Dame Wendy Hall
Dame Wendy Hall is being awarded an Honorary Doctorate of Science by the University of Sussex in recognition of her contributions to computing and information technology (Friday 12 July, afternoon ceremony,)
Dame Wendy is a Professor of Computer Science at the University of Southampton, and Dean of the Faculty of Physical Sciences and Engineering. She was Head of the School of Electronics and Computer Science from 2002 to 2007.
One of the first computer scientists to undertake serious research in multimedia and hypermedia, she has been at the forefront of such research ever since. The influence of her work has been significant in many areas including digital libraries, the development of the Semantic Web – a set of standards that promote common data formats – and the emerging research discipline of web science. She has published over 400 papers and is frequently invited to speak at high-profile conferences and events.
Dame Wendy became the University of Southampton’s first female Professor in Engineering upon her appointment in 1994. With Sir Tim Berners-Lee and Professor Nigel Shadbolt she co-founded the Web Science Research Initiative in 2006 and she is currently a Director of the Web Science Trust, which has a global mission to support the development of research and education in web science and inform opinion in the field.
She is particularly prominent as a strong and vocal advocate for women’s opportunities in science, engineering and technology, and for the need to ensure that women are not excluded from careers in science and engineering. In her research and public life, she has sought to ensure that women, as well as men, benefit from technological advancement and employment opportunities within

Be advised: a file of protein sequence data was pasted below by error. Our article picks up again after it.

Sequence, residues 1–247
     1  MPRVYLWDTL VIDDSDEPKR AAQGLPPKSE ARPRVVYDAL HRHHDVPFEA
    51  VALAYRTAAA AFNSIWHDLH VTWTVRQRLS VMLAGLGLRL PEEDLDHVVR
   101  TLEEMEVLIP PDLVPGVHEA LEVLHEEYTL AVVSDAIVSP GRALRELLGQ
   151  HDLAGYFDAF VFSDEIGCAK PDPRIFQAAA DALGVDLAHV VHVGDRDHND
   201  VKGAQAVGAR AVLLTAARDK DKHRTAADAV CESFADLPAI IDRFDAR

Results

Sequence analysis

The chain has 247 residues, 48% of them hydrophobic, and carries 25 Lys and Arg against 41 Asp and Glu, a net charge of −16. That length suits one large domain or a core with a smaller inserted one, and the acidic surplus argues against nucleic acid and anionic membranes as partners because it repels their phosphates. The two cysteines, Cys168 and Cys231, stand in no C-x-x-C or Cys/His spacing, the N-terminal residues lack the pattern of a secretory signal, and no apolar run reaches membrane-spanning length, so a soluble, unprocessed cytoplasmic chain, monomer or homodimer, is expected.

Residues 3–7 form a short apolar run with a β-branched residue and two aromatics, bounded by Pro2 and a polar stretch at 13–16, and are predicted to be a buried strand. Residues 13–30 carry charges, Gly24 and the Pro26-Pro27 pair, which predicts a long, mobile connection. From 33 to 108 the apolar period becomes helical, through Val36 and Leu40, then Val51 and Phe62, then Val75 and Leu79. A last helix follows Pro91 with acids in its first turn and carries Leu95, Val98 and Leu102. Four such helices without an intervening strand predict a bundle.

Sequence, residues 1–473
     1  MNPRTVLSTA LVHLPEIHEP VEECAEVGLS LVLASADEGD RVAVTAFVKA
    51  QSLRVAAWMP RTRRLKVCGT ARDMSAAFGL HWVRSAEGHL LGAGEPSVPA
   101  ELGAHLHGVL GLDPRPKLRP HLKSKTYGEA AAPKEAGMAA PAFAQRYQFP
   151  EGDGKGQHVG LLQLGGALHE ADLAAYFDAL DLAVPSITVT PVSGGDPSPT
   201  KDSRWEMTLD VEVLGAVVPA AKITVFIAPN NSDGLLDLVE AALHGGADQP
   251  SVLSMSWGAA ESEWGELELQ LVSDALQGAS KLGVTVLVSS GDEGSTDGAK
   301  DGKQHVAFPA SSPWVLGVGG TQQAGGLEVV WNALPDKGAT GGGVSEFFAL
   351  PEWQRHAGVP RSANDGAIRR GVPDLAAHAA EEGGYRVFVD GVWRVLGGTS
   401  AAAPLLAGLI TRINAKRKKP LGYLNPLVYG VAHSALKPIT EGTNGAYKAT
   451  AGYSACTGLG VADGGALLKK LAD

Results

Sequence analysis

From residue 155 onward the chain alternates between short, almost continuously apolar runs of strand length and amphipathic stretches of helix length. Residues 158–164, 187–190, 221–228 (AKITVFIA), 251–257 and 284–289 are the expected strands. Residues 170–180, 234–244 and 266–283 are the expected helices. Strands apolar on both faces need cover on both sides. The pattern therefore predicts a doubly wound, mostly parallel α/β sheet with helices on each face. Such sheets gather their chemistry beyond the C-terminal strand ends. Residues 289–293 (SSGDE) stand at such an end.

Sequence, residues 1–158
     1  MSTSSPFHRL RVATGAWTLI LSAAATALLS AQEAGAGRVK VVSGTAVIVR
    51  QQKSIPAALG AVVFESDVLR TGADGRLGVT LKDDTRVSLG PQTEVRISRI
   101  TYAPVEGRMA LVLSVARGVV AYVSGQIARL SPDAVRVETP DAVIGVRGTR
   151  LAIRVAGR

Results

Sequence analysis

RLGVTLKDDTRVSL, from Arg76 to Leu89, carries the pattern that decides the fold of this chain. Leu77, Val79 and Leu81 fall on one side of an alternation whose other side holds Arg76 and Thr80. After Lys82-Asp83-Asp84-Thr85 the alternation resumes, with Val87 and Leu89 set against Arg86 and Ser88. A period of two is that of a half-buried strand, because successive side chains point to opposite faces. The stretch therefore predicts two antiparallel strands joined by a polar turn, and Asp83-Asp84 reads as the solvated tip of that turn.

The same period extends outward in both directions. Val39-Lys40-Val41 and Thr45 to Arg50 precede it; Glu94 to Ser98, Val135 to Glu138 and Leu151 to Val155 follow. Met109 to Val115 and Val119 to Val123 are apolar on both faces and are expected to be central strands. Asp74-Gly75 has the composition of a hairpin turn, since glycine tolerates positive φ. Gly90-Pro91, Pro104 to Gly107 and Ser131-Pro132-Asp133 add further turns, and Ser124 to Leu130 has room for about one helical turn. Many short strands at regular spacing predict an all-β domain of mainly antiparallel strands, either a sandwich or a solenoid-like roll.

a technical field.
Her research interests now include the development of web technologies (particularly the Semantic Web), hypermedia systems and link services, advanced knowledge technologies, digital libraries, decentralised information systems, and human computer interaction.
In addition to playing a prominent role in the development of her discipline, she also helps shape science and engineering policy and education as a member of both the Prime Minister’s Council for Science and Technology and the World Economic Forum’s Global Council on Robotics and Smart Devices.
She became a Dame Commander of the British Empire in the 2009 New Year’s Honours list and was elected a Fellow of the Royal Society in June of the same year.
From 2008 to 2010 she was President of the Association for Computing Machinery; the first person from outside North America to hold this position. Other significant posts she has held include Senior Vice-President of the Royal Academy of Engineering, founding member of the European Research Council, member of the Engineering and Physical Sciences Research Council (EPSRC), President of the British Computer Society and EPSRC Senior Research Fellow. From 2010 until 2012 she was Chair of the European Commission’s Information Society Technologies Advisory Group. In 2012 Computer Weekly named Wendy the second most influential woman in British IT, and she was appointed to the UK Government’s Board of Defence Science and Technology Laboratory.